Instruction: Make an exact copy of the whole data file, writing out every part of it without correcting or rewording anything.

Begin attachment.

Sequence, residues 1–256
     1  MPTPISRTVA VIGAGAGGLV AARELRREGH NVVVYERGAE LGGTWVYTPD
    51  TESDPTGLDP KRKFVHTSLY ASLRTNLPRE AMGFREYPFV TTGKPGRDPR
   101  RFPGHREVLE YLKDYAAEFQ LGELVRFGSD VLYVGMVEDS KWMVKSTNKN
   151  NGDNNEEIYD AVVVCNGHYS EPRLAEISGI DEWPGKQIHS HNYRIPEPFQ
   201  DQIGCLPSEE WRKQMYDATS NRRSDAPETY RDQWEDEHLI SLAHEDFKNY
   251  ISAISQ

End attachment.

Sequence, residues 1–256
     1  MPTPISRTVA VIGAGAGGLV AARELRREGH NVVVYERGAE LGGTWVYTPD
    51  TESDPTGLDP KRKFVHTSLY ASLRTNLPRE AMGFREYPFV TTGKPGRDPR
   101  RFPGHREVLE YLKDYAAEFQ LGELVRFGSD VLYVGMVEDS KWMVKSTNKN
   151  NGDNNEEIYD AVVVCNGHYS EPRLAEISGI DEWPGKQIHS HNYRIPEPFQ
   201  DQIGCLPSEE WRKQMYDATS NRRSDAPETY RDQWEDEHLI SLAHEDFKNY
   251  ISAISQ